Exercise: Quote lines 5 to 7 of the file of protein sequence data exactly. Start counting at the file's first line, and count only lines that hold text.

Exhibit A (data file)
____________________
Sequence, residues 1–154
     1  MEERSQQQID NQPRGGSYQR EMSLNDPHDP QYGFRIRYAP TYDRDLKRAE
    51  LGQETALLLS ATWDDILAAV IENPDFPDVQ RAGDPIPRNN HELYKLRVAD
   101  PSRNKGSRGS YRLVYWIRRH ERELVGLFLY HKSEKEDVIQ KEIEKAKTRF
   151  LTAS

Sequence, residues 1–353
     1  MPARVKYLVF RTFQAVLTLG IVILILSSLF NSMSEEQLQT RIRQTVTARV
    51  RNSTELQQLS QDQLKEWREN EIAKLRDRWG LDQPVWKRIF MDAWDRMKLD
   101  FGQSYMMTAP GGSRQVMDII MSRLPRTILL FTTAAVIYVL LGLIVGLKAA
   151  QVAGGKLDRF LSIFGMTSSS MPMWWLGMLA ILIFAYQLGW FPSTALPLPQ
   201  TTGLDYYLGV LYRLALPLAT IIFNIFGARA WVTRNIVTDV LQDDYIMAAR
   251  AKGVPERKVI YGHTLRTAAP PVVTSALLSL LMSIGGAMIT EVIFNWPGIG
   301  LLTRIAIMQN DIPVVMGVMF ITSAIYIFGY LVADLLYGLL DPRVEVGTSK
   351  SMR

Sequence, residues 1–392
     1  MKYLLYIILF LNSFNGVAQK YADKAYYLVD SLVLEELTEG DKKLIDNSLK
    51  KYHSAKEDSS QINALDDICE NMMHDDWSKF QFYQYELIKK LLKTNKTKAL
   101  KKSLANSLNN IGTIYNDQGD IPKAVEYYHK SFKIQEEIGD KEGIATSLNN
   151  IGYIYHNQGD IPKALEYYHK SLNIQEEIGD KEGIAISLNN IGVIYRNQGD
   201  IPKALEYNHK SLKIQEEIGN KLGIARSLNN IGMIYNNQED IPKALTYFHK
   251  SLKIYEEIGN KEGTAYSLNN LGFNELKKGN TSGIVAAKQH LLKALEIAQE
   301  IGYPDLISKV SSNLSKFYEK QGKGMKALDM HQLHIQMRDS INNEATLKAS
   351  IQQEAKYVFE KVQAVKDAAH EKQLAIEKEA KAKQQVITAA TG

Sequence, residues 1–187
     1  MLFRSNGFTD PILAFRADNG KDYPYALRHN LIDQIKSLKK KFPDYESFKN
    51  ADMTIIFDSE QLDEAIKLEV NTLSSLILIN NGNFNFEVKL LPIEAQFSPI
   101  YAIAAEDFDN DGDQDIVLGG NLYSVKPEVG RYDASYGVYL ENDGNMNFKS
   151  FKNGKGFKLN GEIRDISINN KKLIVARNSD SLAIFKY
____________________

   151  LTAS

Sequence, residues 1–353
     1  MPARVKYLVF RTFQAVLTLG IVILILSSLF NSMSEEQLQT RIRQTVTARV